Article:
A true Web 2.0 application is one that gets better the more people use it. Google gets smarter every time someone makes a link on the web. Google gets smarter every time someone makes a search. It gets smarter every time someone clicks on an ad. And it immediately acts on that information to improve the experience for everyone else.

It’s for this reason that I argue that the real heart of Web 2.0 is harnessing collective intelligence. …The world of Web 2.0 *can* be one in which we share our knowledge and insights, filter the news for each other, find out obscure facts, and make each other smarter and more responsive. We can instrument the world so it becomes somethng like a giant, responsive organism.

GigaOm also recently posted some new thoughts on Web 2.0 as meme, mainstream misunderstanding, and an enterprise.

Does Google Desktop “improve search”?

Jeremy Zawodny doesn’t buy the message from Marrissa:

We’re told that Google Desktop 4 improves search, but that’s not backed up by any evidence at all. Instead, we’re presented with a non-sequitur about gadgets you can use to increase your day to day information overload.

A Googley Economist Article

The running gag in a new Economist article was whether Google has become the new Microsoft. Though an excellent article, most of it overviews Google’s growth and culture with which Seachblog readers are already familiar, so just a few the highlights here. Google recently sent its first lobbyists to Washington, DC. Its decision to build an “evil scale” to help it devise its China strategy was more unusual, but its hiring of Al Gore, a former American vice-president, to aid the process, was just the kind of thing that old-fashioned empire-building firms do all the time.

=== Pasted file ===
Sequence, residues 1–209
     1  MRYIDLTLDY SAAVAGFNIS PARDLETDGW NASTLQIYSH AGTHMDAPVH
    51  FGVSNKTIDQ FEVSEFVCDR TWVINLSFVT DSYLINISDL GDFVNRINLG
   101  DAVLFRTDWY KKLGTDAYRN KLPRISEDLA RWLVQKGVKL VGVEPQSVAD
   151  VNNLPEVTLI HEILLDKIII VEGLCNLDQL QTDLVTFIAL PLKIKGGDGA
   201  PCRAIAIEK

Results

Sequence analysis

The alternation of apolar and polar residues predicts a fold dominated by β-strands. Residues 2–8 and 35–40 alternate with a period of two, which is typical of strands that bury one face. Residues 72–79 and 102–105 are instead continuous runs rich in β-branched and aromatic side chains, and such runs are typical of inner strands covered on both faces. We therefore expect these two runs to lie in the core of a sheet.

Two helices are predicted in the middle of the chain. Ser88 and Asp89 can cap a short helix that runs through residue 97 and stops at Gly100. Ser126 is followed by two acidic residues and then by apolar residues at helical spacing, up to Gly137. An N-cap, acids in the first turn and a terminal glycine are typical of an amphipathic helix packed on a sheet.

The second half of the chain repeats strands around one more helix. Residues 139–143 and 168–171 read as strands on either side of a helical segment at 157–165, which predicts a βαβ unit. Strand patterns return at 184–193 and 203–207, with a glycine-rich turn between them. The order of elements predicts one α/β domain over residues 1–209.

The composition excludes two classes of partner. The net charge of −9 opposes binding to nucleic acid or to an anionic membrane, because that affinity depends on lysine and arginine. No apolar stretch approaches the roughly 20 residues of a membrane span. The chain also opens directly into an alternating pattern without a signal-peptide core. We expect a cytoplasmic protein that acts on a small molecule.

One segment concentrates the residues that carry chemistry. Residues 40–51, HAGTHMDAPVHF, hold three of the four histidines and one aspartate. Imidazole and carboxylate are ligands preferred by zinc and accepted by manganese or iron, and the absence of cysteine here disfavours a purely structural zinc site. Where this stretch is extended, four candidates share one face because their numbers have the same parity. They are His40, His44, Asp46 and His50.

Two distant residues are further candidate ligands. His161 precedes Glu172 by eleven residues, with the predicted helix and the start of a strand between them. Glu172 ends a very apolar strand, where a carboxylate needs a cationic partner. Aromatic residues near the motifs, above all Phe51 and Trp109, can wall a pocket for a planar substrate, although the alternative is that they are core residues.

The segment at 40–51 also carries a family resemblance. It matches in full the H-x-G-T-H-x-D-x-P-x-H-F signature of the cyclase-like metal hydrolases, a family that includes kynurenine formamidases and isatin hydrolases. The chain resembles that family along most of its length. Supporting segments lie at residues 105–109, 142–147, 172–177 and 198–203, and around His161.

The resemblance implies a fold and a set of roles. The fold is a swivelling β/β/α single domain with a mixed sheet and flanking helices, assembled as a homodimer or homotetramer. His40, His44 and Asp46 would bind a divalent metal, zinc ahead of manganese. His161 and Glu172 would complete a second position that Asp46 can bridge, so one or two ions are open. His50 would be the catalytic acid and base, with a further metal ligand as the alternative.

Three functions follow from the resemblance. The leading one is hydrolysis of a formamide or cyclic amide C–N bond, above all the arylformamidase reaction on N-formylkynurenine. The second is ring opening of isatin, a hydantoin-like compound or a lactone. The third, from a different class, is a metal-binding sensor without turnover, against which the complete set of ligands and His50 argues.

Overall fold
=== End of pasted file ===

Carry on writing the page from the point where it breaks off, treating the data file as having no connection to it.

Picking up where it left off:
The closing graph:

Google thus finds itself at a defining moment. There are plenty of people within the company who want it to play the power game. “The folks who are closest to Larry and Sergey are very, very worried about Microsoft, as well they should be,” says John Battelle, the author of a blog and a book on Google. Yet the company’s founders themselves may not be prepared to drop their idealism and their faith in their own mathematical genius.

Quote of the article: “Google seems to use betas as dogs sprinkle trees—so that rivals know where it is.”

DOJ Moves to Close EFF Complaint

EFF writes: Early Saturday morning, in the darkest hours of the night, the Department of Justice made good its threat to file a motion to dismiss our class-action lawsuit against AT&T, contending that AT&T’s collaboration with the NSA’s massive and illegal program to wiretap and data-mine Americans’ communications (which violates the law and the privacy of its customers)–despite being front page news throughout the United States and the subject of government press conferences and Congressional hearings–is a state secret. The motion was accompanied by declarations by Lieutenant General Keith B. Alexander, Director, National Security Agency and John D. Negroponte, Director of National Intelligence. We will vigorously oppose this motion. Donate to EFF and help stop the illegal spying!